KEN ROTHROCK – The Deadly Welcome. Major Books, paperback original, 1976.

   No matter how obscure a book or an author may be — and I believe this one qualifies on both counts — if there’s a PI in it, I will probably read it, or at least give it an all out try.

   Rick North, who tells the story in first person, qualifies as a private detective, barely. He’s low man on the totem pole at Taber, Kline and North, an artist’s management firm based in LA, but he’s about to be booted out of the firm unless he finds out who has been threatening the life of Rory Maclaine, one of their clients and a comedian who’s just hit the big time.

   Threats are one thing, but when Maclaine collapses and dies on stage after finishing his new act, North, who used to be a comedian himself until he found his career going nowhere, now finds he must solve the case, or else.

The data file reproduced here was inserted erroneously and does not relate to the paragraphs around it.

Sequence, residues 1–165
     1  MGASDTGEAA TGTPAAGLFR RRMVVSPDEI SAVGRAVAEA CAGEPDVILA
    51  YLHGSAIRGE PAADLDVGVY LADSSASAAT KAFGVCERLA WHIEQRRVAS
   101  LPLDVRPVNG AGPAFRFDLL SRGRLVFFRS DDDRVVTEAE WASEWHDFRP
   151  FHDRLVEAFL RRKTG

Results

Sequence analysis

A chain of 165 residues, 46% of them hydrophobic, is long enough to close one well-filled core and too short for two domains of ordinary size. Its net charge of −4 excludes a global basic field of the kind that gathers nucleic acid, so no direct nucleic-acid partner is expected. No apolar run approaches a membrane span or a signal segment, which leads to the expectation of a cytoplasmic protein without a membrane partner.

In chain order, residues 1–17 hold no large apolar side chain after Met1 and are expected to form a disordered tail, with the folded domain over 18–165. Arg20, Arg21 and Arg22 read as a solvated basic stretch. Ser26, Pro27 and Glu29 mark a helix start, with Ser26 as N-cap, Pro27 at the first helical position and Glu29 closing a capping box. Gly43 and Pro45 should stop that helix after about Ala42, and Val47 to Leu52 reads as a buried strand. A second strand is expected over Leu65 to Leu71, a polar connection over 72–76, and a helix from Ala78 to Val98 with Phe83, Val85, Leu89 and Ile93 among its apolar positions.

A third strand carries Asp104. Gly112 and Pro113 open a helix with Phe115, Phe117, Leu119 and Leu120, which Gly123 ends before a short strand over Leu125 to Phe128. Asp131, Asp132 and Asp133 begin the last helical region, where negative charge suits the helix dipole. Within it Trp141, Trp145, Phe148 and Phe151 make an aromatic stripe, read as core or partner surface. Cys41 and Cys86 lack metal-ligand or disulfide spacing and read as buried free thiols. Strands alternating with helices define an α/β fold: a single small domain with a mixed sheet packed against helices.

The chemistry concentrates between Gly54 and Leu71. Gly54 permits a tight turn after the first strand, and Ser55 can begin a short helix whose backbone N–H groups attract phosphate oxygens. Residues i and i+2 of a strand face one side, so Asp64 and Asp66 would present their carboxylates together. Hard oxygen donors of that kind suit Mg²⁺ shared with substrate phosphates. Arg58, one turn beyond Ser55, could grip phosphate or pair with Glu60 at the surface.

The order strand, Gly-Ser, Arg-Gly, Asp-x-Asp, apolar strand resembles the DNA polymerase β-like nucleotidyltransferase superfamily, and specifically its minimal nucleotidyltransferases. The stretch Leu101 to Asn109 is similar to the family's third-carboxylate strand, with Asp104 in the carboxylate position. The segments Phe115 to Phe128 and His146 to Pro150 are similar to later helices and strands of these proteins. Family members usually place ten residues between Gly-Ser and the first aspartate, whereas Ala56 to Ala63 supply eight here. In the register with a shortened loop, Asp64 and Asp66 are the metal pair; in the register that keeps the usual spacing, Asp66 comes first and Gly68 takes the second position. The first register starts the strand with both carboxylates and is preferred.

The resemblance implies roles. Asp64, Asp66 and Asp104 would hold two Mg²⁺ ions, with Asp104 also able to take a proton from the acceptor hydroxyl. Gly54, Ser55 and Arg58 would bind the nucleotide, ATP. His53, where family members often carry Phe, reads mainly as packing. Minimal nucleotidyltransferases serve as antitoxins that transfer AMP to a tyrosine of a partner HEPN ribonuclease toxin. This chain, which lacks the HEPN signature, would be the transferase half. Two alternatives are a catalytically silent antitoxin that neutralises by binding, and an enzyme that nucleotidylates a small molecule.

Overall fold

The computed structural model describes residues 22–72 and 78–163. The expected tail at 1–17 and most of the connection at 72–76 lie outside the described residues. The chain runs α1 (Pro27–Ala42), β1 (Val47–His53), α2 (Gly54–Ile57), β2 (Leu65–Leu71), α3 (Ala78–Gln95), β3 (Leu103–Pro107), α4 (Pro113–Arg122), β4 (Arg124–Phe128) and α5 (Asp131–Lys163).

After a slightly shaky start, the tale that follows is solid enough, but a clutter of too any characters, all of whom seem to be acting individually in various and sundry ways, slow the story down to a near crawl around the two-thirds point. It has to be hard, in my opinion, for a new writer to maintain his (or her) momentum for the entirety of a full-length novel, no matter what kind of twist you plan on ending it with. And so it is here.

   As for the author, Al Hubin in Crime Fiction IV, says that Ken Rothrock is probably Harley Kent Rothrock (1939-1999), but Google reveals no more. This was his only work of detective fiction, a good effort, but cliched. Maybe if North had been better at a quip (he isn’t), the ride would have been a little less bumpy.